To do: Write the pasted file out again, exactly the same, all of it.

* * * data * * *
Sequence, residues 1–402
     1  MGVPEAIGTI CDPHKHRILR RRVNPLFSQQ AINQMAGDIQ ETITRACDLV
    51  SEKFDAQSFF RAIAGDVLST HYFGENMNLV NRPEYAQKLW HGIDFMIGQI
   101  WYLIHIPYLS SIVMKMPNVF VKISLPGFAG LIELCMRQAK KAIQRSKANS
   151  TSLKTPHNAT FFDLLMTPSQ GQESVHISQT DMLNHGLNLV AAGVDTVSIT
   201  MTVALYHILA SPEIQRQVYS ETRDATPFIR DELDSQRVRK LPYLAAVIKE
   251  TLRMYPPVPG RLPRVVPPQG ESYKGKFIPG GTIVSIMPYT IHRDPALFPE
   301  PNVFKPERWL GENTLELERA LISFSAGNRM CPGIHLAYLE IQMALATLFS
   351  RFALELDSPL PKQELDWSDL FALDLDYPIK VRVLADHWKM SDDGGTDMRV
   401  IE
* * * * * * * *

Sequence, residues 1–402
     1  MGVPEAIGTI CDPHKHRILR RRVNPLFSQQ AINQMAGDIQ ETITRACDLV
    51  SEKFDAQSFF RAIAGDVLST HYFGENMNLV NRPEYAQKLW HGIDFMIGQI
   101  WYLIHIPYLS SIVMKMPNVF VKISLPGFAG LIELCMRQAK KAIQRSKANS
   151  TSLKTPHNAT FFDLLMTPSQ GQESVHISQT DMLNHGLNLV AAGVDTVSIT
   201  MTVALYHILA SPEIQRQVYS ETRDATPFIR DELDSQRVRK LPYLAAVIKE
   251  TLRMYPPVPG RLPRVVPPQG ESYKGKFIPG GTIVSIMPYT IHRDPALFPE
   301  PNVFKPERWL GENTLELERA LISFSAGNRM CPGIHLAYLE IQMALATLFS
   351  RFALELDSPL PKQELDWSDL FALDLDYPIK VRVLADHWKM SDDGGTDMRV
   401  IE